Heavy rain and thunderstorms could cause “dangerous” flooding in both cities and rural areas, but will not end the drought, experts have warned.
The Met Office has issued a yellow thunderstorm warning for most of the UK on Monday and Tuesday as conditions could cause flash flooding, transport disruption and power cuts.
The weather warning will stay in place for southern England on Wednesday, where communities could be cut off by flooded roads, and the chance of fast flowing or deep flood water could cause danger to life.
It comes after weeks of little rain and warm conditions have caused droughts across parts of the UK, leaving land parched.
The National Drought Group on Friday moved parts of the South West, parts of southern and central England, and the East of England into official drought status.
Welsh Water, Southern Water and South East Water have already imposed hosepipe restrictions, Yorkshire Water’s ban will start on August 26, the same day as South West Water will introduce one for Cornwall and parts of Devon, and Thames Water said it is planning one in the coming weeks.
Inverness in Scotland was hit by heavy rain on Sunday, with footage and photos shared online showing water leaking through the ceiling of a Vue cinema and flooding a Tesco store.
Met Office spokesman Stephen Dixon said that thunderstorms and heavy rain will likely hit more localised areas in Scotland, as well as areas of the south west and east of England, with the potential of up to 50mm of rainfall within three hours in some places.
But he added: “That being said, it is quite hard to pinpoint exactly where these thunderstorms will crop up.
“Some areas will miss the showers completely but where they do come down, there could be some impacts like surface water flooding, with the rain obviously hitting dry land, travel disruption and power cuts affecting homes and businesses.”
Professor Hannah Cloke, an expert in hydrology at the University of Reading, said: “The ground is really dry and when it is so dry it acts a little bit like concrete and that water can’t get in so it drains straight off.
“There is the damage to homes and businesses these floods can cause, and inconvenience with transport disruptions, but if it is very heavy in one place it can also be very dangerous.”
On how it could affect cities like London, she said: “If you get a heavy rain in a city, the drainage system can cope up to a point, but if there is really heavy rain it can overwhelm the system – the rain cannot run away quick enough.
“Water tends to find the lowest pathway – that is why it is so dangerous for cities with these surface area floods.
“That is why it is of concern to the Tube and underground car parks and things like that.”
Referring to floods disrupting Tube services last year, she said: “It is not like we haven’t seen this recently.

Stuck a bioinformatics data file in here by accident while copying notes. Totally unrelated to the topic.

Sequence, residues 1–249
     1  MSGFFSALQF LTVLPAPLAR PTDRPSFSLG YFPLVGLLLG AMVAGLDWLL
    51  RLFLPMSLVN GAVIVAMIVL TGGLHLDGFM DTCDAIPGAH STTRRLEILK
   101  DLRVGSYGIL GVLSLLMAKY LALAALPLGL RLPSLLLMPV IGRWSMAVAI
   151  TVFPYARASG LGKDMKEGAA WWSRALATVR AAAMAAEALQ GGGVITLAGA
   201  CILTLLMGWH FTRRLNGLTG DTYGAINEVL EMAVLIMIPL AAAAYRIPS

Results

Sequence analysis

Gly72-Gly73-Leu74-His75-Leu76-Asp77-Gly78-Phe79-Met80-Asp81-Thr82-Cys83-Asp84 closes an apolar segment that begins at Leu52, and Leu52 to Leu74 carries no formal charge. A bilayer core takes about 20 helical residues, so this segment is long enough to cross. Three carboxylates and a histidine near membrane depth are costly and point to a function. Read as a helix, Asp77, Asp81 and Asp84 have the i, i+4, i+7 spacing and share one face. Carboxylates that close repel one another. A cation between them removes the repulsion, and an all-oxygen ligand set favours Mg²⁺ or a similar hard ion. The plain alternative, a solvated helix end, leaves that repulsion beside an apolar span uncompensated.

“If we are in London and the parks are really, really dry, there is nowhere for the water to run so it is exacerbating the risks we already have in cities.”
In rural areas, Prof Cloke said this sort of flooding often hits low points in roads and under bridges, adding: “It is very dangerous to drive through flood water.”
Explaining why this heavy rain will not alleviate drought-hit areas, she said: “It’s a drop in the ocean really. It is not soaking into the soil which is how we really need it. We need it back into the system where it can be stored.
“We really need a long winter of rain to replenish this.”
Meanwhile, Christine Colvin, director of advocacy and engagement at the Rivers Trust, told the PA news agency there is a risk that people will not take the drought seriously in the coming days “just because it rains”.
“We want people to keep this rainfall event in context and as part of the bigger picture, and the bigger picture is that we’ve actually still had an incredibly dry year as well as a dry summer, and it’s going to take sustained rainfall to replenish our supplies.”
“Just because it rains, it doesn’t mean the drought is over,” Ms Colvin added.
“It seems very counterintuitive, but it’s going to take sustained rain to replenish the supplies we actually use, which are the aquifers and the managed storage in our reservoirs.”
Robert Caudwell, chairman of the Association of Drainage Authorities (Ada), said the industry is “concerned” about surface water flooding but there is “very little” they can do to help prevent it.
He said: “The problem is that with thunderstorms at this time of the year it’s very difficult to predict exactly where they are, and our members have been holding as much water in their systems as possible to try and prevent things going dry, for the environment and farmers who want to irrigate.
“So the last thing we want to do is what you would normally do if heavy rain was forecast, which is to build a bit more freeboard in by allowing more water to be taken out of the system, which is very difficult when you’re really unsure (which) areas will get a thunderstorm.”